One of the most difficult things for many a homeowner during the recession following the recent financial crisis is that through job loss, or through underemployment, foreclosure might be imminent. In order to help those who are in danger of foreclosure due to income loss, the government is offering the Emergency Homeowners’ Loan Program (EHLP). This program is limited, though. You only have until July 22 to get your preliminary application in, so you need to act fast!
We are a nation of junk collectors. Look around your house. Do you see any clutter? Are there things you own that you know you shouldn’t have purchased? Are there items you purchased but have never used? Look in the closet. Are there any clothes with the price tag still on them? Any non-perishable food you bought that you decided you just don’t want to eat? Any expired food?
I thought so.
The Cost of Clutter
How often have you heard of people covering up their debts? Or even worse, going into more debt buying things they don’t need to prove to people that they’re “not in debt.” Too often, this shame someone feels drives them into further debt and causes havoc in other areas of their life. I’m here to tell you there is another way!
Being in debt does not make you a bad or irresponsible person! I mean, if it did, then anyone who is making payments on a car or house is deemed a “bad person.” More specifically though, I’m referring to serious consumer debt. I feel that often times, people who have spending problems cover up their debt or feel ashamed about what they’ve done. If you keep following a pattern of consumer debt and doing nothing about it, then yes, you are irresponsible! But, it’s all about how you deal with your debt. If you realize the damage you’re doing to your finances and do something about it, you learn a tough lesson and move on with life.
A disturbing article from the Wall Street Journal reports that Nearly Half of Americans Are ‘Financially Fragile’, which is defined in the article as households who “definitely or probably couldn’t come up with $2,000 in 30 days.”
The $2,000 figure was chosen because it’s roughly the cost of “an unanticipated major car repair, a large co-payment on a medical expense, legal expenses, or a home repair”—in other words, expenses that are hardly out of the question for a typical household.
According to the article 46.5% of all respondents are living very close to the financial edge—in other words, nearly half of America. And it’s one of the worst rates in the world—in Italy for example, the rate is only 20%. But it gets even worse; an additional 25.1% of U.S. respondents answered that they were “probably able” to come up with $2,000—meaning that they aren’t entirely sure.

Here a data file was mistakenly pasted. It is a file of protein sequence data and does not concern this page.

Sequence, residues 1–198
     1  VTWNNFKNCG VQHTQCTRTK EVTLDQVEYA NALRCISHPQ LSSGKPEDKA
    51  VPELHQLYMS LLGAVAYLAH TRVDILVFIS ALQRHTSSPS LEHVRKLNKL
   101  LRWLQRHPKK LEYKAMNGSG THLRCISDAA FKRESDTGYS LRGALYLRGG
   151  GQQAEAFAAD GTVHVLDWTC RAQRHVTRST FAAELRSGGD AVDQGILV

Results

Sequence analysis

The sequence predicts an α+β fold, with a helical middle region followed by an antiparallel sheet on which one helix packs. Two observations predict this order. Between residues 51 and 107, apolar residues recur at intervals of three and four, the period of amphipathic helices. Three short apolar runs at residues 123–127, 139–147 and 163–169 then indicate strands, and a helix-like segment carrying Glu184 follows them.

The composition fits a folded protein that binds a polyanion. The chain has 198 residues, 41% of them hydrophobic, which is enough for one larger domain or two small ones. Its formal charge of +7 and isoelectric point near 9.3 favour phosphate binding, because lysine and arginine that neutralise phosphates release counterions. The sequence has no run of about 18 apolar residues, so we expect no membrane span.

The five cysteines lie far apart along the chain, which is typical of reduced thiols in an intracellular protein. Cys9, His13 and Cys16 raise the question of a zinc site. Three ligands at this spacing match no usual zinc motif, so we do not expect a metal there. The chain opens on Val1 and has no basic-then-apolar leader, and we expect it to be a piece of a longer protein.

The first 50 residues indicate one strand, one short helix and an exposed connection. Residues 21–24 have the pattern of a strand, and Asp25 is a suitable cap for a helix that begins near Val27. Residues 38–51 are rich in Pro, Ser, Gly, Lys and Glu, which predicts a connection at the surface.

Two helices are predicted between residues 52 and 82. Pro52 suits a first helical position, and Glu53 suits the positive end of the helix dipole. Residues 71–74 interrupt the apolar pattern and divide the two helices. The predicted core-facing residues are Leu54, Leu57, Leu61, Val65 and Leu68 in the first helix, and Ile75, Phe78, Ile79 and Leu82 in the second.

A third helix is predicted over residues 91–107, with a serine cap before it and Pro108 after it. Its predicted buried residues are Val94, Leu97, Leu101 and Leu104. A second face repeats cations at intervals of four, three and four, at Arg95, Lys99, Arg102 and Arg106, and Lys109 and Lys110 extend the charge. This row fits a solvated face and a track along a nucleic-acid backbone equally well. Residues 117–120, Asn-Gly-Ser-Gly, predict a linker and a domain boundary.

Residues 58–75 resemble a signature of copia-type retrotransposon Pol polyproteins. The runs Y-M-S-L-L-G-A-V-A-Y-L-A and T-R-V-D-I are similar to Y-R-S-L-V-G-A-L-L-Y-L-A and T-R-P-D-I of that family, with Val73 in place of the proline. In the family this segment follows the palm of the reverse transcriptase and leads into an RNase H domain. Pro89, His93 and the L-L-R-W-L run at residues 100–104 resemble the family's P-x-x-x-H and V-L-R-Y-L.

That’s a sad state of affairs no matter how you interpret it.
How should we respond to this information? By making certain we don’t fall into the same category!Continue Reading
Not too long ago, the U.S. reached its debt ceiling. The amount of money the U.S. can borrow from others is determined by law, and Congress has to approve borrowing beyond a certain point. In the past, the debt ceiling has always been raised to accommodate the growing debt in the U.S. Indeed, in the past, both parties have been mostly content to raise the debt ceiling. Now, though, there is a battle brewing as Republicans refuse to vote to raise the debt ceiling. That means that the U.S. won’t be able to borrow money in order to meet its obligations.
There is an alarming trend that shows more and more people are carrying their debts into retirement with them. Some of these people are intentionally increasing their credit card debt with no plans to pay them off. Their reasons vary from necessities of life to vacations and everything in between, but this leaves their loved ones with a question that needs answering – can family members inherit debt?
National debt is a massive problem in our country and there’s no shortage of advertising reminding us that we need to pay off our personal debts. Sadly, statistics clearly indicate that the numbers of individuals who are retiring in debt are on the increase, so much so that over half of those who retire are in the red.
Earlier this year Newsweek reported that the golden years have been severely tarnished with mounting medical expenses, rising credit card debt, and little or no savings. Newsweek stated that a law professor at the University of Michigan found that individuals over the age of 55 now account for more than 20 percent of all bankruptcies in the U.S. CESI Debt Solutions, a nonprofit personal-finance firm, conducted a study and discovered that 56 percent of retirees carried outstanding debts with them as they left the workforce.